For Immediate Release, June 30, 2011
Contact: Catherine Kilduff, (415) 644-8580
Feds Set High Fishing Quotas for Atlantic Bluefin Tuna, Allowing Continued Harm to Ravaged Species
WASHINGTON— The National Marine Fisheries Service today announced the highest limits allowable under international law for the U.S. catch of Atlantic bluefin tuna, a magnificent species ravaged by overfishing. The catch limits follow recommendations of the International Commission for the Conservation of Atlantic Tunas, which has failed to effectively regulate bluefin tuna fishing for more than 40 years.
But only last month, in response to a Center for Biological Diversity petition, the Fisheries Service designated the bluefin tuna as a species of concern due to the agency’s own concern over the health of the Gulf of Mexico — the only spot where western Atlantic bluefin tuna spawn — and the threat of overfishing of eastern Atlantic bluefin, which are plagued by illegal fishing in the Mediterranean.
“Western Atlantic bluefin tuna are critically imperiled, and yet our course for fishing is full-steam ahead,” said Catherine Kilduff, a Center for Biological Diversity staff attorney. “The catch levels announced today are too high for decimated bluefin tuna populations, especially given the state of the Gulf of Mexico and continued illegal fishing overseas.”
Last April the Gulf of Mexico Deepwater Horizon oil spill occurred during prime bluefin tuna spawning season, April and May. Although larvae and juveniles cannot survive oil contact, scientists are most concerned about impacts to adult bluefin tuna, whose reproductive ability is key to persistence of the species. The Fisheries Service will reconsider whether the species should be listed as endangered or threatened in two years with additional knowledge of impacts from the oil spill.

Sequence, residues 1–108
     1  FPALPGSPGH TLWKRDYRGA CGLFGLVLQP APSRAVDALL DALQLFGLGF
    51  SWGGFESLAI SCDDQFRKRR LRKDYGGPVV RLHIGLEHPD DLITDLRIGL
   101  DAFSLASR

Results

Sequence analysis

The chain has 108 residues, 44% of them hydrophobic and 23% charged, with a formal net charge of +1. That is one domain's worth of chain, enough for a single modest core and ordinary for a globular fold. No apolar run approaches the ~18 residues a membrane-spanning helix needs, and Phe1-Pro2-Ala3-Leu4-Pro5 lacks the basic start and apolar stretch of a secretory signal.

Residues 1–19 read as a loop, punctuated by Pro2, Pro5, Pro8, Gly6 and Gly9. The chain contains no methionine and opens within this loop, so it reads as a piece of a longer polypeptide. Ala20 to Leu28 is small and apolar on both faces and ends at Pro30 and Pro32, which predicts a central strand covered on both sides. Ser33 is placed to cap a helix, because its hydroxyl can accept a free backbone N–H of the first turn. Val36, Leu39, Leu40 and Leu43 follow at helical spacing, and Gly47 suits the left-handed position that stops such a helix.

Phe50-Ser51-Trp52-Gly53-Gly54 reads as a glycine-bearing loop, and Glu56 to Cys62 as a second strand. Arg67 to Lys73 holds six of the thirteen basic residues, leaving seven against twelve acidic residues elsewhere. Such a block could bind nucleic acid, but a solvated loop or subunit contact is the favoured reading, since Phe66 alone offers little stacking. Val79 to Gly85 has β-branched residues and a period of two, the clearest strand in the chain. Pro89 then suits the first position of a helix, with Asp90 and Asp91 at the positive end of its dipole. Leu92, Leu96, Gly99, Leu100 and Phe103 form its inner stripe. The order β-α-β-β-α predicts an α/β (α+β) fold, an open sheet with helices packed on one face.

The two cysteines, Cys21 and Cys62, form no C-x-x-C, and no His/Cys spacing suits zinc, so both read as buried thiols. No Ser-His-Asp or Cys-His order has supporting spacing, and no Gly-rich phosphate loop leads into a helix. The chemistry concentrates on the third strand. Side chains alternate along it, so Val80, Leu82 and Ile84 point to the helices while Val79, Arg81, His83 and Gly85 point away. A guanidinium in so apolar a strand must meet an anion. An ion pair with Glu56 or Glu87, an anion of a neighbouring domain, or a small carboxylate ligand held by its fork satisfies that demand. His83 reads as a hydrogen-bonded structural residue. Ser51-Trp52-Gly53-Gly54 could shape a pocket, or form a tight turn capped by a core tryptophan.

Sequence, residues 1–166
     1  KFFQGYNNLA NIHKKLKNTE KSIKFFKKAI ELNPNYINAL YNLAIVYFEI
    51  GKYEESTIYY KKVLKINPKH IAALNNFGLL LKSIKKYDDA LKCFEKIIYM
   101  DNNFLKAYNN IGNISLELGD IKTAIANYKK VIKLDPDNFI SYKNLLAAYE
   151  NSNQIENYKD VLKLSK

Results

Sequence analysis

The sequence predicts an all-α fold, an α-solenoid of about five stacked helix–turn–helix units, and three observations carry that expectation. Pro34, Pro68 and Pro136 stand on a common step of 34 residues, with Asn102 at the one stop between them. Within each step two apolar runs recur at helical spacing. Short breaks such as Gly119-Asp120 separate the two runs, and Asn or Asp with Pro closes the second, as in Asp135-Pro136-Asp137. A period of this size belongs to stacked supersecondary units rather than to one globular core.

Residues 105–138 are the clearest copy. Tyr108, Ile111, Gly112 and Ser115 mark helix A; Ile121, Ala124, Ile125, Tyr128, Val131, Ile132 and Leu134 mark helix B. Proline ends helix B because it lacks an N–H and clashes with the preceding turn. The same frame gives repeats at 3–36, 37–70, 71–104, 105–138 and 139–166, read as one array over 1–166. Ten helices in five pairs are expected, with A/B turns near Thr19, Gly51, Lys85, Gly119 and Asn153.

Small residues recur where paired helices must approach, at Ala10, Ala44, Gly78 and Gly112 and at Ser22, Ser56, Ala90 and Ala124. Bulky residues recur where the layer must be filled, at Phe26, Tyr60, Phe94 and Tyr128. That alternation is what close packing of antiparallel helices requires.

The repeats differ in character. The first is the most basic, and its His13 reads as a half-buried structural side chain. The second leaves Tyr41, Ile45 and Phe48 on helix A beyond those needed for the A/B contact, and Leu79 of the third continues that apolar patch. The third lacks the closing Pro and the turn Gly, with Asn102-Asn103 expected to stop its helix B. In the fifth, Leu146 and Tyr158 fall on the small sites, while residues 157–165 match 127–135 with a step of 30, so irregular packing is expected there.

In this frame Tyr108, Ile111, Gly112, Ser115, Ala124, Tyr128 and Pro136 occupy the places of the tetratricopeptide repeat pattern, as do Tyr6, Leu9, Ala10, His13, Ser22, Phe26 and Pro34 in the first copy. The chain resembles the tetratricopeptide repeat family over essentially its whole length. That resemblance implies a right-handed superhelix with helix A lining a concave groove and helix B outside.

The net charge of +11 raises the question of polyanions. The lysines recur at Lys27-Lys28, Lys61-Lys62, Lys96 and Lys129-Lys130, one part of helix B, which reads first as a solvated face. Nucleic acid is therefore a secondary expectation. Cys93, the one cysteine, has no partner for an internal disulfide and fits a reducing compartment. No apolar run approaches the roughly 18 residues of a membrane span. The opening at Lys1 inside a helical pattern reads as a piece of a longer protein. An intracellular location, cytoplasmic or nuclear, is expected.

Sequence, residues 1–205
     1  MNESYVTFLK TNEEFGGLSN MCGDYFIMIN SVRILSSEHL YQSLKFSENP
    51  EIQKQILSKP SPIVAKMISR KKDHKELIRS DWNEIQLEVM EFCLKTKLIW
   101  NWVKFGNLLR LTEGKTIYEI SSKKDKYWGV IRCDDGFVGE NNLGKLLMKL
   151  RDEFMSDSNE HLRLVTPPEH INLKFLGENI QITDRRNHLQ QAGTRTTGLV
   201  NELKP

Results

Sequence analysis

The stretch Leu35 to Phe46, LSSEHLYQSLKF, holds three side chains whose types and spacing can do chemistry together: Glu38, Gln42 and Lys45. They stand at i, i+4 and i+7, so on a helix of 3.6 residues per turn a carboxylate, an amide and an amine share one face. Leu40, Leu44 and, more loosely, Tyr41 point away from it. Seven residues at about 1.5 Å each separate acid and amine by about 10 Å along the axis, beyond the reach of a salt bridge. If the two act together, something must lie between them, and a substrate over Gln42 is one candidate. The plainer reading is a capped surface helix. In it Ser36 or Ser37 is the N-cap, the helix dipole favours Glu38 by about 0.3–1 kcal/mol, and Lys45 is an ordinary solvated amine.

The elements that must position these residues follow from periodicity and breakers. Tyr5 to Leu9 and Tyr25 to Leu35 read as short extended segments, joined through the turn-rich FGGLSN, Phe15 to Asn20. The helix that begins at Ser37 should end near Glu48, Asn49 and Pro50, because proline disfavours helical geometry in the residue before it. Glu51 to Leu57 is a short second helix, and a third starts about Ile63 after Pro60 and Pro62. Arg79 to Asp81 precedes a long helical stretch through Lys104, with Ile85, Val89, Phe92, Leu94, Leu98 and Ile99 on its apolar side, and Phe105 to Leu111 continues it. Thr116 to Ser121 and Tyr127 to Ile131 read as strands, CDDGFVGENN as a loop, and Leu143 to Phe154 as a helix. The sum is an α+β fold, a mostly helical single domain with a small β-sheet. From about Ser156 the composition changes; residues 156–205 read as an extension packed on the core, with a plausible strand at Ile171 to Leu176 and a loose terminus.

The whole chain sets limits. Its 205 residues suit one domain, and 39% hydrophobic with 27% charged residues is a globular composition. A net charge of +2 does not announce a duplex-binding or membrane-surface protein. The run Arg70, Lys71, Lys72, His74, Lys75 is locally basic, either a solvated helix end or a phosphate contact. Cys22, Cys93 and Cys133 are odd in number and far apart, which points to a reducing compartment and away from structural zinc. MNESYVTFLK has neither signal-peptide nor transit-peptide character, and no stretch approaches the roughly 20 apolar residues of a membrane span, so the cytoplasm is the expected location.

Also today the Fisheries Service announced that bluefin tuna harvested by Libyan vessels in 2011 may have been illegally harvested and could be subject to increased scrutiny and potential liability for U.S. importers. One reason the Fisheries Service denied the Center’s petition to list Atlantic bluefin tuna as endangered this May was that “assuming countries comply with the bluefin tuna fishing quotas established by ICCAT, both the western and eastern Atlantic stocks are not likely to become extinct.”
“Today’s announcement is yet more evidence of inadequate compliance in the Mediterranean, risking extinction of the Atlantic bluefin tuna,” said Kilduff. “Business as usual — relying on the international community alone to save Atlantic bluefin tuna — is not enough.”
Western Atlantic bluefin tuna do not cross the Atlantic, but migrate from the Gulf of Mexico nursery areas to rich feeding grounds off New England. Those bluefin tuna spawning in the Mediterranean, however, traverse the ocean in a matter of weeks as early as age one. Overfishing in Europe means that fewer eastern Atlantic bluefin tuna reach U.S. waters. The United States’ continued overfishing compounds the problem, and as a result western Atlantic bluefin tuna have failed to recover as expected halfway through a 20-year rebuilding period.
In response to the decline of the bluefin, the Center for Biological Diversity last year launched a nationwide boycott of bluefin tuna. (Visit bluefinboycott.org for more information.) More than 22,000 people have joined our campaign and pledged not to eat at restaurants serving bluefin tuna, and dozens of chefs and owners of seafood and sushi restaurants have pledged not to sell bluefin.
For more information about the Center’s campaign to save the Atlantic bluefin tuna, visit: http://www.biologicaldiversity.org/species/fish/Atlantic_bluefin_tuna/index.html.
The Center for Biological Diversity is a national, nonprofit conservation organization with more than 320,000 members and online activists dedicated to the protection of endangered species and wild places.